Even at the time I knew I’d been on the boat before, very vaguely admittedly, but I knew, and now I found myself once more up on deck, rugged up against the cold, looking at a choppy khaki-grey sea and the yellow-grey sky, and it was horribly cold. I looked back and there were more like myself, being brought up the gangplank in wheelchairs by porters obscured in thick grey coats, hats, boots and gloves. Mine sees me move and says ‘Soon have you back in the warm sir’ muffled through his collars.
As my eyes focused a sheer white cliff resolved itself, a cliff of ice and snow, or cloud, looming hugely above us, and at its base, at the other end of the jetty, where we’d come from, a hazy silver-grey archway set into the face of it, brightly lit inside, with a parade of figures, each with its own wheelchair, bringing us, the dead, out over the water, up the gang plank, along the deck, to our berths presumably, in silence, in the drifting snow and stinging frozen sea water. A million shades of grey.
I’d been here before. I remember thinking that it seemed a very long time ago. I wanted to get off. I wanted to stop. I’d been through enough.
A couple of days later I’m to be found down in the restaurant area having a coffee. The wind is really picking up outside and the boat is beginning to roll. I can see the tops of some fairly hefty waves out there. The water is a cloudy grey-green colour, quite opaque, with just a touch of foam edging each facet. Framing the window, floral curtains hang incongruously. The table I sit at has the marks of other hot cups on it, and the carpet has faded black and red chevrons. Apart from the staff chatting behind the bar I am the only one here. I woke up earlier than expected, so already I am a troublemaker. Oh well. I can’t just sit in my cabin. It feels too narrow, the bed. It’s nice enough in there but I haven’t slept alone for more than a night or two I don’t think, in nearly thirty years. It feels terrible, cold and empty, like the better part of my body has been blown away.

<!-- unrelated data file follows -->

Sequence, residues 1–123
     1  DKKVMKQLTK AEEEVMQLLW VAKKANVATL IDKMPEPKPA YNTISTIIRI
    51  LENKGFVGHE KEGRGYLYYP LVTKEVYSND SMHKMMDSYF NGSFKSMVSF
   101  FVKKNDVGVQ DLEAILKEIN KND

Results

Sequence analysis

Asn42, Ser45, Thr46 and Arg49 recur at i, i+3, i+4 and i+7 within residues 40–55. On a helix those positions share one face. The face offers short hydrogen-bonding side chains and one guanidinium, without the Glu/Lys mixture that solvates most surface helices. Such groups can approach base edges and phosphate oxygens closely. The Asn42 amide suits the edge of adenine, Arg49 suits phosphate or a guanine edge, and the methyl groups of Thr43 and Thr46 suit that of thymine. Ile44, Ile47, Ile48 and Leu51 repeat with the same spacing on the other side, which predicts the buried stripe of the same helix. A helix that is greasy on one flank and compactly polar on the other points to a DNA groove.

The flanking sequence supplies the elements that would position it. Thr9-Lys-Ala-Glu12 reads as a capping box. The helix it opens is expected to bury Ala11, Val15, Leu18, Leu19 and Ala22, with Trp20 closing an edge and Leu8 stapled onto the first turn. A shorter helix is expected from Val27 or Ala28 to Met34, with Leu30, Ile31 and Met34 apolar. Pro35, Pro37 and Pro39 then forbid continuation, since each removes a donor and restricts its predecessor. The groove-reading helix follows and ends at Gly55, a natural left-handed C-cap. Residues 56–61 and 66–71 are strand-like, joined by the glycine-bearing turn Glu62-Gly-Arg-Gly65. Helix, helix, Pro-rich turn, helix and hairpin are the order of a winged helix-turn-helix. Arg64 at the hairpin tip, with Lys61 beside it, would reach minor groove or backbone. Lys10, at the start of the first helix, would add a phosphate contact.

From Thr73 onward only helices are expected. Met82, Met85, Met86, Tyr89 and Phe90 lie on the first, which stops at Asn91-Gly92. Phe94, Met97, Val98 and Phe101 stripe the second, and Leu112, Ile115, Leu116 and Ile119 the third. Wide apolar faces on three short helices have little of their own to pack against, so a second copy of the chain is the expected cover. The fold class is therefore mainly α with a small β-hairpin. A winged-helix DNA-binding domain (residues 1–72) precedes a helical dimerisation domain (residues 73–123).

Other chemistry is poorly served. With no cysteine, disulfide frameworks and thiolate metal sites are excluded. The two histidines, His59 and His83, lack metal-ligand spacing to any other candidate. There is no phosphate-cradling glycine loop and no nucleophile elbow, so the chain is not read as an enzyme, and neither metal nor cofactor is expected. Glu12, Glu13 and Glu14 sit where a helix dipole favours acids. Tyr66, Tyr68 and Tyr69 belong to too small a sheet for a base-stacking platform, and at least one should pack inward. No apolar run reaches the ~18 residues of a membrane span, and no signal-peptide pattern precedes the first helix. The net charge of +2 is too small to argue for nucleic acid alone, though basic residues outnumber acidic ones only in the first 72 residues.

So this is the afterlife. I want to say it’s not what I expected but I know I’ve been here before. I wonder where they get the boats, the food, even the shower gel. It is all very strange, and kind of laughable.
I have a guide. Her name is Alison, a small, dark skinned, plumpish woman with long straight black hair and a rather intense gaze and I know her from somewhere. I have this image of the two of us sitting on a jetty by a river - I don’t know where. She seems pleasant enough but I’m really not sure I want to talk to her about anything.
And I’m never going to see my beautiful girl ever again.We’re motoring away here, across a cold sea, away from where she is, and I just think, well why not turn around? I mean why not?
I know what they’ll say. They’ll say ‘It’s not really like that’ and I’ll say ‘Well what is it like?’ and they’ll look at me, not with pity, but with compassion, because they do know after all. They know exactly what I mean. We’re all in the same boat.
This morning as I came out of my cabin there was a man standing in the corridor in his pyjamas yelling at one of the guides. He just kept shouting ‘Do you know who I am? Do you know who I am?’ over and over. Then he yelled ‘I’m important. I am a very important person’ after her as she left him to it. I guess she’d been trying to help.
I saw him later, hunched over his cereal, still in his dressing gown, glaring around at everything, shovelling it in. It seems ridiculous now but I suppose we all know what he means. Everything we had back there, everything we were, is gone now.
Alison comes over with her mug of cocoa and sits down uninvited. ‘How are we feeling now?’ she says, touching my hand in a matronly sort of way.
‘Dead’ I say. ‘You?’
‘Would you care to talk, with me, or maybe with one of the others?’ She comes over as professional and to the point, but not without warmth.
‘There’s nothing to say’ I reply, but there is, there’s everything to say. I’ve left her all alone and I can’t stand it.
And yet – a selfish thought – how much worse if she’d gone first. Better here alone than back there alone.
I look in my mirror and shake my head. I still feel and move like an old man but my face is young again. I look about forty, and I looked good at forty. I had a little extra weight by then but no more than your average thirty year old. Women in their twenties still looked at me sometimes, and single mums were very keen to get to know me. But I was taken. Totally taken. No one else stood a chance.
I didn’t deserve her.
And I’m never going to see her again – not even once. Not even for a moment.
No, it just isn’t thinkable. I just can’t get that sentence to mean anything.
Time to go up on deck and get some air. Who knows – maybe I’ll get swept overboard. Huzzah!